Back to Books at Last! I’ve been in the fortunate position for a while now to have a pile of books to read. I hate being stuck without something to read. At a stretch I’ll settle for an audiobook or podcast (or a documentary on my iPod). Preferably though, I like a book. That said, over the last six months, my reading has hit a very, very slow patch.
Some of this has been due to watching The Long Way Round, Long Way Down and Race to Dakar on my iPod, some due to watching Bleach, but generally, after those things, I just haven’t had much time.
The book currently in progress is something a bit unusual for me, and a bit ironic given the time I’ve been reading through it: Dave Allen’s “Getting Things Done”. My inability to finish it, is partly due to the above reasons, but also because it’s so good, I find myself already delving back into the one hundred and twenty pages I’ve already read to re-read bits. In case you didn’t guess, it’s all about getting organised and focused. Something I need to badly do at work and personally. More than that, I think some of this stuff might actually work.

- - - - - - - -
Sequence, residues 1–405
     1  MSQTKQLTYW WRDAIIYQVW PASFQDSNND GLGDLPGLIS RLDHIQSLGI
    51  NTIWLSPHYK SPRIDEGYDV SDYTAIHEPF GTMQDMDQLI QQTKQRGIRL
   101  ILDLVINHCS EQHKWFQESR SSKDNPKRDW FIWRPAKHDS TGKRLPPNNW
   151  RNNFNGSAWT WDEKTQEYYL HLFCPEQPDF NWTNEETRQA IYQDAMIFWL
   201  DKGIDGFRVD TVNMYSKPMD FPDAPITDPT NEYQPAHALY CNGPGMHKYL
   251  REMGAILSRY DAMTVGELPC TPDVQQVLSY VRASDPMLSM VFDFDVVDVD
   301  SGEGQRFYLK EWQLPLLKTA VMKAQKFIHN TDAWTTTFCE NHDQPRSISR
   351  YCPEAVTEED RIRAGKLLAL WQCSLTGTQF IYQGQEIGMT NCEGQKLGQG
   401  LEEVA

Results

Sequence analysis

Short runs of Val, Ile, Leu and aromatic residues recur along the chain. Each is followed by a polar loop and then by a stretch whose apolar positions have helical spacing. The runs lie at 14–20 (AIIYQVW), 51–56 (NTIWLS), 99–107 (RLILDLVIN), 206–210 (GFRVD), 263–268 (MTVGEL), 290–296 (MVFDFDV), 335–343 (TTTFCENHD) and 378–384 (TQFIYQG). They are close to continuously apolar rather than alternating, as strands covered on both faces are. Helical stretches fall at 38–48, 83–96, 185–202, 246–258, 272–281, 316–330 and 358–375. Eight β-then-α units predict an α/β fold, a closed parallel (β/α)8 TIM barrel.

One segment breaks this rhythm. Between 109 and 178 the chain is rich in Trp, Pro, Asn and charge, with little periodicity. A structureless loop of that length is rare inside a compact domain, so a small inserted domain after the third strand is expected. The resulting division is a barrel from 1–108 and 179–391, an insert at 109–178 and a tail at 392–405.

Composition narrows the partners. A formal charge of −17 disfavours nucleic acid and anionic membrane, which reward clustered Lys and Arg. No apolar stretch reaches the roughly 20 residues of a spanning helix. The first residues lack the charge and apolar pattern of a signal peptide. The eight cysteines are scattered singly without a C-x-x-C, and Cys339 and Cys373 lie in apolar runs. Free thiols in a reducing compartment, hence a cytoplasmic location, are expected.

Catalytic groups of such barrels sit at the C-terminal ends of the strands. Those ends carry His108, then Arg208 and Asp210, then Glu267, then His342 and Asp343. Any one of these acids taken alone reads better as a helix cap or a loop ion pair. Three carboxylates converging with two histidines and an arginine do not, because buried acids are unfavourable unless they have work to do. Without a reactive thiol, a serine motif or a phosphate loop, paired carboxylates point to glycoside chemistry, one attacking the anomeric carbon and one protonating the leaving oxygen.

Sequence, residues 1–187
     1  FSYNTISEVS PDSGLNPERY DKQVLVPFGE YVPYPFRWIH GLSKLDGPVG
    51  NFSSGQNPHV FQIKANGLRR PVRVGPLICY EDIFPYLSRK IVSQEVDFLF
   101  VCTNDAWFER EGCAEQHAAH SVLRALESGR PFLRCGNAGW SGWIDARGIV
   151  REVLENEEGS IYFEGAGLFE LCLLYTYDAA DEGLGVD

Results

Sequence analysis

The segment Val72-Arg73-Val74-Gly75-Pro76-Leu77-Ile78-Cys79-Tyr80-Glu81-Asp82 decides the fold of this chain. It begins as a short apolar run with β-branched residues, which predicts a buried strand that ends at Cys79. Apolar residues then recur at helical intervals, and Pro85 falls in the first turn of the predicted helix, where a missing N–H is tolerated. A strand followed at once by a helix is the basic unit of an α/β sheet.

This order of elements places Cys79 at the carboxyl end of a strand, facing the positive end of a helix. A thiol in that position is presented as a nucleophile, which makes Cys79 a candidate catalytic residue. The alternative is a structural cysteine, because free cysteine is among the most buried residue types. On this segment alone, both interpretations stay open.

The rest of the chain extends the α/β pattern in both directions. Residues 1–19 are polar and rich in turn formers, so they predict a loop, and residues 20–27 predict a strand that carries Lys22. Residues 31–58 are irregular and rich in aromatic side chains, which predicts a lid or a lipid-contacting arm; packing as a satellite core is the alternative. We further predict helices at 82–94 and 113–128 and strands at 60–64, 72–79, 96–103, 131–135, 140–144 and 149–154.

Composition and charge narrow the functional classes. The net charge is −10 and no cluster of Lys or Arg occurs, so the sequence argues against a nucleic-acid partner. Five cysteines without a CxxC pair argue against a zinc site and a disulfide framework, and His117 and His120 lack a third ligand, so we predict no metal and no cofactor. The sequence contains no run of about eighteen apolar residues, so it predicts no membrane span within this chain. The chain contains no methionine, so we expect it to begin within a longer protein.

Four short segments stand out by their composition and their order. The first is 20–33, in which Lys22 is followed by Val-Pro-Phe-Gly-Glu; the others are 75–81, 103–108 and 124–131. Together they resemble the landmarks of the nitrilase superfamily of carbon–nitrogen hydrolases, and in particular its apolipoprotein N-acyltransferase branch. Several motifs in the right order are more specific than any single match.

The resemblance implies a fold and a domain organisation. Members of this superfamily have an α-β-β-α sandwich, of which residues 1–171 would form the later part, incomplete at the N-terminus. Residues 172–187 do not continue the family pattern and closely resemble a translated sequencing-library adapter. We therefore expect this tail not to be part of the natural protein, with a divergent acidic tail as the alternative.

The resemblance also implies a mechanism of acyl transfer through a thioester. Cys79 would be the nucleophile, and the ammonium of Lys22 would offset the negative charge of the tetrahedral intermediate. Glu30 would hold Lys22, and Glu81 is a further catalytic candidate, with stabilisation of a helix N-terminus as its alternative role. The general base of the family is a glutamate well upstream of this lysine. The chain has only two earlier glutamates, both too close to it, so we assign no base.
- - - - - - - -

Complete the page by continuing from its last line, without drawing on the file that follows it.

I have my general reading list of things I want to get though in an order which will give me a bit of variety. However, a book arrived this week (kindly bought by my wife), which has jumped the queue to be my next read book: Jupiter’s Travels. This, as it notes on the new printing’s front page, is the book which inspired The Long Way Round. In fact, they bump into the author, Ted Simon, in Mongolia I think. He’s only on screen for a minute or two, but his brief voice over was enough for me to track his website down and put the book on my Xmas list:
“I think the motorcycle is best because it puts you so much in contact with everything. You experience, much more closely, the nature of the terrain, you can almost taste the cultures that you’re riding through. Because it exposes you to the climate, to the wind and rain, it’s a much more complete experience.”“I think the motorcycle is best because it puts you so much in contact with everything. You experience, much more closely, the nature of the terrain, you can almost taste the cultures that you’re riding through. Because it exposes you to the climate, to the wind and rain, it’s a much more complete experience.”
Essentially, Ted rode around the world in the seventies for four years, then aged in his mid forties. Then in 2001, he did it again for three years at the age of almost seventy. The book is a journal from that first trip, and I’m really, really looking forward to getting stuck into it.